This book provides a critical approach to research on the social acceptance of renewable energy infrastructures and on energy transitions in general by questioning prevalent principles and proposing specific research pathways and lines of inquiry that look beyond depoliticised, business-as-usual discourses and research agendas on green growth and sustainability. It brings together authors from different socio-geographical and disciplinary backgrounds within the social sciences to reflect upon, discuss and advance what we propose to be five cornerstones of a critical approach: overcoming individualism and socio-cognitivism; repoliticisations – recognising and articulating power relations; for interdisciplinarity; interventions – praxis and political engagement with research; and overcoming localism and spatial determinism: As such, this book offers academics, students and practitioners alike a comprehensive perspective of what it means to be critical when inquiring into the social acceptance of renewable energy and associated infrastructures.
This collection of essays is based on presentations given at the 4th conference in an annual endowed series held at Duquesne University, USA. It addresses emerging concerns and pivotal problems about our planet’s environment and ecology. The contributions gathered here highlight the inter-relation of topics and expertise regarding science and philosophy, ethics, religion, global issues, and generational perspectives. The book concludes with an ethical analysis of the multiple and over-lapping challenges that require urgent attention and long-term resolution. It will appeal to scholars and students in a variety of disciplines and fields that deal with the earth’s survival and flourishing.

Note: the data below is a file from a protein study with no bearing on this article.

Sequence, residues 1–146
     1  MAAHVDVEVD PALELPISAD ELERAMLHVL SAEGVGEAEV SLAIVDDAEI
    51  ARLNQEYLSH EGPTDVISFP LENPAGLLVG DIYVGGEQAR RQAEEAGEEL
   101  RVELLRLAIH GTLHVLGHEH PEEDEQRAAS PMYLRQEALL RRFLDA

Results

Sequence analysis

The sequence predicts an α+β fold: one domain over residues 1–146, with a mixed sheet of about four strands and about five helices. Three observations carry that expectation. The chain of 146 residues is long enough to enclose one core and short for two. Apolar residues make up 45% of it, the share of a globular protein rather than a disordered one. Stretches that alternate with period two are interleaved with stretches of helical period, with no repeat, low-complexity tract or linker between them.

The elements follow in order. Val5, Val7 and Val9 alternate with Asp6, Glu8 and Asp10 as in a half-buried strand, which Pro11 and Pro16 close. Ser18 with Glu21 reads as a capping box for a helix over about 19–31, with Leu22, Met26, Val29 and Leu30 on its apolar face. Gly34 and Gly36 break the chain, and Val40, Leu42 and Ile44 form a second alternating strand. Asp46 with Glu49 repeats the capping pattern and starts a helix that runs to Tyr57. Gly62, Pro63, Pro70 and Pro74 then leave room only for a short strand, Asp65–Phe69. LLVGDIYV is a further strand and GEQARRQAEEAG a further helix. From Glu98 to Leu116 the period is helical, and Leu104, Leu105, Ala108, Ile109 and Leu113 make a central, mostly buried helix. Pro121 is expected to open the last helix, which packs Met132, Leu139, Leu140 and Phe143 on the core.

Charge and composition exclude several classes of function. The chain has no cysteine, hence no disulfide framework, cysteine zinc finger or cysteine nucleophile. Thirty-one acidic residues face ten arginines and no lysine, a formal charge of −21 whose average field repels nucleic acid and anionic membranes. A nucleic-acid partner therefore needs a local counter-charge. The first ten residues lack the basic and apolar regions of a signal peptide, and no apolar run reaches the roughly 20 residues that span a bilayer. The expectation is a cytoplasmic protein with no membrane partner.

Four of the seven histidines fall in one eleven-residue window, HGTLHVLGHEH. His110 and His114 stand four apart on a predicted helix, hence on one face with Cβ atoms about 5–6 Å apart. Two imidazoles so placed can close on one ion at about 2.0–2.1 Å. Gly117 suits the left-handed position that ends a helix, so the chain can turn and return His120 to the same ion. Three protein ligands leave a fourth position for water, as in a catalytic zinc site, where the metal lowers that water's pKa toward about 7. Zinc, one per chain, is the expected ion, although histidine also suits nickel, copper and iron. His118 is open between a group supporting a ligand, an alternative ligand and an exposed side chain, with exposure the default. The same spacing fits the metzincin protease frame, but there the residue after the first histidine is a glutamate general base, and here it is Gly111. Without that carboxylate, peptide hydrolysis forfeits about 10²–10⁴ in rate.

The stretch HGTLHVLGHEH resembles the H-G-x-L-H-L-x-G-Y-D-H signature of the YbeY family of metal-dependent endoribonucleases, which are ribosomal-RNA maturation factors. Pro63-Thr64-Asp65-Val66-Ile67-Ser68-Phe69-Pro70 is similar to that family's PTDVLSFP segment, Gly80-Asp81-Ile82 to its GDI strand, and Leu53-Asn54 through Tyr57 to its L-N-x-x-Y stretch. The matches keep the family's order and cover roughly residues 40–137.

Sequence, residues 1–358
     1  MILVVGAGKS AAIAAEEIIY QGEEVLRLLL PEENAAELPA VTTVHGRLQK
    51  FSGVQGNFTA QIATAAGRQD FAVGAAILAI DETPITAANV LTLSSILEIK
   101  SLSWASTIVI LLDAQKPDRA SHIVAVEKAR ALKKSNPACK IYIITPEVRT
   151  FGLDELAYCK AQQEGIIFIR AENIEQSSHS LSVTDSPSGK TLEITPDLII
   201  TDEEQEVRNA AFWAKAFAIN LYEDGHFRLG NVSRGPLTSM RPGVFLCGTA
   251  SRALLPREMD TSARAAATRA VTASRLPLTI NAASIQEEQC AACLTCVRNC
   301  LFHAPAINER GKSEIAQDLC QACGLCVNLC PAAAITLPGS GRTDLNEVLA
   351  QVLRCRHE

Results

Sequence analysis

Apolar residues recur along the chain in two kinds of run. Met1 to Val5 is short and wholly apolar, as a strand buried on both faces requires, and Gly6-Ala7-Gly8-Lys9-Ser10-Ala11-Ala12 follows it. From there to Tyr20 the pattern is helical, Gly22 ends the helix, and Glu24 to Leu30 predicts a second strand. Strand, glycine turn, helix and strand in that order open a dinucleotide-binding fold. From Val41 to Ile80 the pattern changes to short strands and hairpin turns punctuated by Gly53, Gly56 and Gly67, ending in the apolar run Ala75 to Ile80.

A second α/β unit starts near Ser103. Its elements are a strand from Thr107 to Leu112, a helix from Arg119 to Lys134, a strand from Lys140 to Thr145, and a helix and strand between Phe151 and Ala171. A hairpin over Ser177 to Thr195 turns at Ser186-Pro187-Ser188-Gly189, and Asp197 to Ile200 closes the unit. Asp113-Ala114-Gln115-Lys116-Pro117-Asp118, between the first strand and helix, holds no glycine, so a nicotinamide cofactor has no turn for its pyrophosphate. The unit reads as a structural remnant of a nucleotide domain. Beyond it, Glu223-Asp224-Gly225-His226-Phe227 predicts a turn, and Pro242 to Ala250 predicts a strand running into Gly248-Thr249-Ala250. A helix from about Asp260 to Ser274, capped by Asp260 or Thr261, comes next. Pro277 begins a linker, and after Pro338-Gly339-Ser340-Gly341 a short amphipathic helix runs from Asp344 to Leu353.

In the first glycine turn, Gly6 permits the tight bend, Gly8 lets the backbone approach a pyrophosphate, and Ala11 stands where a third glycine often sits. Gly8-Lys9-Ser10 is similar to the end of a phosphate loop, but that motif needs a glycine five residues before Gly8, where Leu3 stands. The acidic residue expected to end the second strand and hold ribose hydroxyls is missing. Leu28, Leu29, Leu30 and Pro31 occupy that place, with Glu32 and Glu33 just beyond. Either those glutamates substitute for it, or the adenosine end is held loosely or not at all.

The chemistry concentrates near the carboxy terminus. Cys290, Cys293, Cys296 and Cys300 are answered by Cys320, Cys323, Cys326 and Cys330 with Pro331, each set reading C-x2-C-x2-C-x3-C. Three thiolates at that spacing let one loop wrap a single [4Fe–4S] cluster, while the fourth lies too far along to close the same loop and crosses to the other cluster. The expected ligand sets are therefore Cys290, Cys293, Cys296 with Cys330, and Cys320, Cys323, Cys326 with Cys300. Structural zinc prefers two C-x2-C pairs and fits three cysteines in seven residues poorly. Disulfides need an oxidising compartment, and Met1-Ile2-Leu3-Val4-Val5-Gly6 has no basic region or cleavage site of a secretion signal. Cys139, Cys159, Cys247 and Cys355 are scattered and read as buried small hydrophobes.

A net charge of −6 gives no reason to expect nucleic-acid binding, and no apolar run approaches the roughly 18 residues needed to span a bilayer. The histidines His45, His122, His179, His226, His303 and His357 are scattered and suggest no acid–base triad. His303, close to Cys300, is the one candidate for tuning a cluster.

This volume is the first of its kind to present contemporary, state-of-the-art examples of how social science theories, models, and findings can advance all aspects of campus sustainability, an area that has so far been largely neglected. The individual chapters reflect the broad diversity of research on sustainable campus development conducted within and across basic and applied social science disciplines, drawing on a range of methods and case studies from around the world. Institutions of higher education have been among the leading promoters of sustainable development. However, efforts to transition to sustainability have been largely dominated by technological “solutions” and universities and colleges are increasingly recognizing that this transition cannot be achieved without attention to the human dimension. Administrators, campus sustainability officers and other university staff, faculty members and students, as well as alumni and external constituents all help to shape which sustainability innovations and initiatives are considered and pursued, and their participation determines the ultimate success of sustainability efforts. The book’s individual contributions illustrate how the social sciences can broaden visions of what may be possible, identify the advantages and disadvantages of different instrumental and emancipator approaches, evaluate interventions’ effectiveness, and offer processes for learning from mistakes and successes in ways that support continuous advances toward sustainability. Given that the majority of social science research stems from universities, the level of trust in these institutions, and their mission to develop societal leaders, higher education institutions are ideally suited for testing, assessing and modeling the social innovations needed to achieve sustainability on campuses and beyond.